All Lincoln MKC models have a 3,000-pound towing capacity when equipped with a trailer tow package.

The model as tested came equipped with the larger engine. Marketed under the EcoBoost trademark, the engines combine turbocharging with direct injection and variable valve lift technology to enhance power and conserve fuel. The engine is tuned as such to maximize power while doing an admirable job of minimizing turbo lag.

More than enough power is felt when pressing hard on the accelerator with little torque steer experienced. The MKC moves up to highway speed quickly and continues to deliver ample power in passing situations. On twisty roads, some body roll was detected. Independent front and rear suspension systems are augmented by front and rear stabilizer bars. MKC models with all-wheel drive also benefit from Lincoln’s continuously controlled damping system to maintain a confident and comfortable ride. The MKC offers three driving modes — Normal, Comfort and Sport. Its electric power-assisted steering system aids in handling responsiveness with average feedback provided. Braking is firm with roll stability control also at work to keep this SUV planted.


Current Lincoln models are saturated in technological features. Slip behind the wheel and you won’t find the transmission shifter on the column or between the seats. Instead, the MKC relies on a push-button system located on the center stack adjacent to the Sync 3 screen. More than once this writer had to remind himself of that unusual location. As odd as that placement may seem, it does the job of freeing room between the seats.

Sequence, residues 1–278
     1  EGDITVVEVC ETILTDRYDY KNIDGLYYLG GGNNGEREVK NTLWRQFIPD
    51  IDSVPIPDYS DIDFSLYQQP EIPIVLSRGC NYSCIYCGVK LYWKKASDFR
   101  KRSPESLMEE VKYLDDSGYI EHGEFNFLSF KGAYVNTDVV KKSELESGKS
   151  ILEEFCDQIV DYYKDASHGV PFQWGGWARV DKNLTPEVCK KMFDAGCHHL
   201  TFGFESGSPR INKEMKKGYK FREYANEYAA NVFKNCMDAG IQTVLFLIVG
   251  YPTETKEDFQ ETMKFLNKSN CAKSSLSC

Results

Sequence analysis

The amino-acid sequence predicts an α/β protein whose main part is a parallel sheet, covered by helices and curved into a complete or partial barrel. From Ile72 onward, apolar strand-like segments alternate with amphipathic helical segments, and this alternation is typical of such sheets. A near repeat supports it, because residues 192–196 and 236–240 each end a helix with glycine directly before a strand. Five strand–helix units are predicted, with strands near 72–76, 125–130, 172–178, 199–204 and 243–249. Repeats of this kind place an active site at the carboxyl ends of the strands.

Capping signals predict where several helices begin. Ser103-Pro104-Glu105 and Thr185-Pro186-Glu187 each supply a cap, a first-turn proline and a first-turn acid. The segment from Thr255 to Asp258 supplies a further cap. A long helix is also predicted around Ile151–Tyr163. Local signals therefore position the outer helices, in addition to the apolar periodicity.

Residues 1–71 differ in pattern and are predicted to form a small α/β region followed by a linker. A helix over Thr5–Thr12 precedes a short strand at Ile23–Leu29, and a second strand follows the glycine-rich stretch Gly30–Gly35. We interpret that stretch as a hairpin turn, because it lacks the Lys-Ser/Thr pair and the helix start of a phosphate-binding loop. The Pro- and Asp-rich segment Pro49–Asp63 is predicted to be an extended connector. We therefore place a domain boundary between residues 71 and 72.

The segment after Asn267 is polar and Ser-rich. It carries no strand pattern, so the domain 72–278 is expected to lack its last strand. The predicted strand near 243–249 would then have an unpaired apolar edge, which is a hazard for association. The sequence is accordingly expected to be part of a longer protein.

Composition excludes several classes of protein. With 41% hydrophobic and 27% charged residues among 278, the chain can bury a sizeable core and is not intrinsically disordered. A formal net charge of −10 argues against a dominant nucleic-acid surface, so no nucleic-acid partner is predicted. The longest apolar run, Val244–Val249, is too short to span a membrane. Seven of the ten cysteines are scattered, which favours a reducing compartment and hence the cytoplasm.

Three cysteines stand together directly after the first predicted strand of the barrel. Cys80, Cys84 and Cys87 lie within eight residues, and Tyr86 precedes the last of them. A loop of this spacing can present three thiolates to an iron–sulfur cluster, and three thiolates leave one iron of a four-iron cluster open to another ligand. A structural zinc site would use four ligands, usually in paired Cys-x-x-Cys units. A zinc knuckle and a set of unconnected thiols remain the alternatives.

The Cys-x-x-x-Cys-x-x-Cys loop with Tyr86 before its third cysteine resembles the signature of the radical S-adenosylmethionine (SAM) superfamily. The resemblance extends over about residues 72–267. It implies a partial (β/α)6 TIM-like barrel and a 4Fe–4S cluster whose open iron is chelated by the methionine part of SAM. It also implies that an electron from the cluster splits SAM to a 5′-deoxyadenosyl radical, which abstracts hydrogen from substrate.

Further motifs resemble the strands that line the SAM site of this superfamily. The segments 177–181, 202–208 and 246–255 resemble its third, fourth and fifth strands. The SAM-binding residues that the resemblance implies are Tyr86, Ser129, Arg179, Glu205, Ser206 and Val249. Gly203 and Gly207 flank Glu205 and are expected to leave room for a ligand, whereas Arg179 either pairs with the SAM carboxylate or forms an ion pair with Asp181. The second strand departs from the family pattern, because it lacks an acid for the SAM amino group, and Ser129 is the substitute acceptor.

The Lincoln Sync 3 system is a welcome change, replacing the confusing and frustrating systems that have plagued Lincoln owners for these past five years. Gone are the required swipes that never seemed to work as planned. Instead, Sync 3 serves as an intuitive system with tabletlike icons for enhanced visibility and usability.

For a $2,295 upgrade, a Technology package is also available, bringing in adaptive cruise control, a forward sensing system, lane keep assist and active park assist. The latter system is one of the more innovative ones in the industry, making it easy for drivers to parallel park their SUVs with their hands off the steering wheel.

Reserve models come with a hands-free liftgate. This system operates by moving your foot underneath the rear bumper in a side-to-side motion to open the rear of the MKC.


All Lincoln MKC models come equipped with a suite of air bags, including a driver’s knee air bag. A rearview camera, a post crash alert system and tire pressure monitoring is also included. Adaptive cruise control, a forward sensing system, lane keeping assist and active park assist are incorporated as part of the optional Technology package.

In testing conducted by the Insurance Institute for Highway Safety, the Lincoln MKC received Good marks in two crashworthiness categories: moderate overlap front and side testing. No other crash tests were conducted.


The base MKC outfitted with a Premiere equipment group is priced from $33,260. Two additional steps bring this model to $37,090 and $40,460 respectively. All-wheel drive adds approximately $2,500 to the base price.

A fully loaded MKC like the tested model will come in around $50,000. Well-equipped all-wheel drive models with navigation can be had for about $43,000.


The 2016 Lincoln MKC is a compelling model in a fast-growing segment. The base engine and the middle of three trims offer the best value.

For shoppers needing something larger, the new-for-2016 Lincoln MKX should be considered. Competing models to cross shop include the Lexus NX, Infiniti QX50, Audi Q3, Cadillac SRX and Volvo XC60. The Mercedes-Benz GLC, BMW X3 and Land Rover Range Rover Evoque might also be compared.

By | 2017-12-11T22:28:26+00:00 February 26th, 2016|0 Comments